Faculty Senate discusses proposal to revive tenure

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English Professor Patricia Portales talks tenure reinstatement at a Faculty Senate meeting Feb. 8 in Room 204 of the Victory Center. Tenure is the status of indefinite employment protecting professors from termination because of speech and research. It was discontinued in 2011 under Chancellor Bruce Leslie. Amaru Ruiz

Senators suggest productive grade rates should vary.

By Rogelio Escamilla


A tenure reinstatement proposal will be ready for Faculty Senate President Lenny Irvin by the next meeting March 8, English Professor Patricia Portales, the Faculty Senate research sub-committee chair, said.

Faculty Senate met Feb. 8 to provide updates on morale, the 70 percent productive grade rate and tenure reinstatement.

Tenure for new hires was removed in 2011 under former Chancellor Bruce Leslie.

Any faculty who had tenure or were in the seven-year process of earning tenure were not impacted by the removal.

In a faculty survey last semester, 84.2 percent of the 153 respondents agreed with the statement “I support the reinstatement of tenure.” One hundred and four of them selected “strongly agree.”

Under the faculty morale section, 75 percent agreed with the statement “I make a difference at SAC,” while 38 percent agreed with the statement “my contributions are appreciated at SAC.”

Portales said faculty were shocked when tenure was removed from Alamo Colleges’ policy. She said new faculty often look for schools offering tenure when looking for a job.

“The majority (of faculty) would like to reinstate tenure,” she said. “And we think it’ll attract and retain new faculty. We have a lot of faculty right now who are just on contract, and they’re very nervous about their job security.”

A tenured position, according to the American Association of University Professors, is an “indefinite appointment that can be terminated only for cause or under extraordinary circumstances.”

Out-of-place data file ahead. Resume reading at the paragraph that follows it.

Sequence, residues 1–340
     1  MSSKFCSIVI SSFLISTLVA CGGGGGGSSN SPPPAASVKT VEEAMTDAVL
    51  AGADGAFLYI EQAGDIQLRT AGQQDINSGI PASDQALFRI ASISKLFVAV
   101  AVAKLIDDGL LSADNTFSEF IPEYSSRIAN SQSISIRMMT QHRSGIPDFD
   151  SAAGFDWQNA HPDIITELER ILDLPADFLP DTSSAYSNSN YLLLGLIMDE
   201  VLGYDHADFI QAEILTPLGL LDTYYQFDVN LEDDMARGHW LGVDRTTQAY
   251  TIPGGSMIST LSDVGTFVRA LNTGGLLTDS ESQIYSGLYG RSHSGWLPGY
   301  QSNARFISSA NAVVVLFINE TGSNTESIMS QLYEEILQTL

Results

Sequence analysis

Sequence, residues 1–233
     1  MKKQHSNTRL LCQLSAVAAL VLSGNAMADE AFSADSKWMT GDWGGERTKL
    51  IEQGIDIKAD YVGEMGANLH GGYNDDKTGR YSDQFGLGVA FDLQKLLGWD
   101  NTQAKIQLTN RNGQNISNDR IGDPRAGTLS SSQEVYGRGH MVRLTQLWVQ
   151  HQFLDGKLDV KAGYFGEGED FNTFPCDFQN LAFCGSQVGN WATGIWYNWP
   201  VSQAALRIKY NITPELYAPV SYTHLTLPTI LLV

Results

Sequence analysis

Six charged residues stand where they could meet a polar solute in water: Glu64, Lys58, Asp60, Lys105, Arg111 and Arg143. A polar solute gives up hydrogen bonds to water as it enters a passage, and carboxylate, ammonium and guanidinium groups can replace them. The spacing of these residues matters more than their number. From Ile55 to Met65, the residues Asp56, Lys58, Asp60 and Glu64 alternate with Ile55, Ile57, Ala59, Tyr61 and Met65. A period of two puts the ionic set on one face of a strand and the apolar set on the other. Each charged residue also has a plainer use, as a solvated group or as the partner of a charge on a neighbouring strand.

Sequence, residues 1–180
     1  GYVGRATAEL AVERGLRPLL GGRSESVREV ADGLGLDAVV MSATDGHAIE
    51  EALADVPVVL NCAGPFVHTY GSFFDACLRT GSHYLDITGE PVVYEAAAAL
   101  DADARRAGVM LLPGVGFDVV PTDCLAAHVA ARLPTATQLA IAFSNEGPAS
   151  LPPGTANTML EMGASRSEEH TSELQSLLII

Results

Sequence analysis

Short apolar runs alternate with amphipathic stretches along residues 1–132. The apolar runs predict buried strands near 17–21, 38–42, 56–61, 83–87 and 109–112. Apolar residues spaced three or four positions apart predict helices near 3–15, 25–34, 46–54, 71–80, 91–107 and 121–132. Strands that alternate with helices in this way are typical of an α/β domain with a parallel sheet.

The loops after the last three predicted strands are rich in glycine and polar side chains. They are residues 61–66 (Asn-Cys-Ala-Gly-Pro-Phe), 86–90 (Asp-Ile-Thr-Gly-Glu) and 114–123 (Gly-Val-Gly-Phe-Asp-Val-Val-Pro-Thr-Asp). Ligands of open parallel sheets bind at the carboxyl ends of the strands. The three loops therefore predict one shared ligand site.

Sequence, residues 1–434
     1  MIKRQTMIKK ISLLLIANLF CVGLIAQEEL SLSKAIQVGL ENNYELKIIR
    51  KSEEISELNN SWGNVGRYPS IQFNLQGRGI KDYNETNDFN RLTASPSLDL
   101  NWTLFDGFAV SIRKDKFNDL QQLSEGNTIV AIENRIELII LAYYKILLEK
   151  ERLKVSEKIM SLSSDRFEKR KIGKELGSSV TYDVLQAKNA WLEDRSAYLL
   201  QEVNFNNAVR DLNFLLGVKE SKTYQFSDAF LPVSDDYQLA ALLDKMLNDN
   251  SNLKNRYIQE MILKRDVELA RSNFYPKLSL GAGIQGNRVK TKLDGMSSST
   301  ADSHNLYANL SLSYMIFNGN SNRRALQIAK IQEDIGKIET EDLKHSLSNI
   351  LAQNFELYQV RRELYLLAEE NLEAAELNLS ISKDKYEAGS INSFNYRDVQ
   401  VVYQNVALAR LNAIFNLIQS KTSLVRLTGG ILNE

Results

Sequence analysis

This prevents a professor from losing a position because of speech, research or publications and “protects academic freedom,” according to AAUP’s website www.aaup.org/issues/tenure.

“It entitles us to freedom in the classroom,” Portales said. “At an institution of higher education, we work on new research, whether or not we do the research here, that’s being done in our fields everywhere. We want to be on the cutting edge of our fields, and if we’re teaching some new aspect, we have to have that protection.”

Jonathan Lee, interim chair of the Mexican-American studies, early childhood studies, sociology, social work and history department, said he does not think tenure should have been taken away and wants his colleagues to have the same opportunity he had.

“We need to look at who does not have the ability to apply for tenure versus those who had the ability and judge if we think that is equitable,” Lee said. “In my department, of the nine people not on the tenure track, eight are women, and about half of those are women of color. The four who have tenure are men.”

As for meeting a PGR of 70 percent, Lee — and most senators in the meeting — agreed the goal does not account for students who struggle more in certain courses than others.

“Perhaps we need to be thinking about what’s a reasonable expectation,” Lee said. “There are a lot of things beyond an instructor’s control.”

A possible solution senate members proposed is allowing departments to have varying PGRs.


1 Comment

  1. As an instructor who has tenure, I feel that it is very important to have these discussions for those “excellent instructors, assistant, associate and regular professors.” So many of them are extremely talented and they deserved it.

    Robert De Luna
    Government Instructor
    St. Philip’s College
    1801 Martin Luther King Drive
    San Antonio, Texas 78201
    210-486-2896 (o)
    SLC 219T

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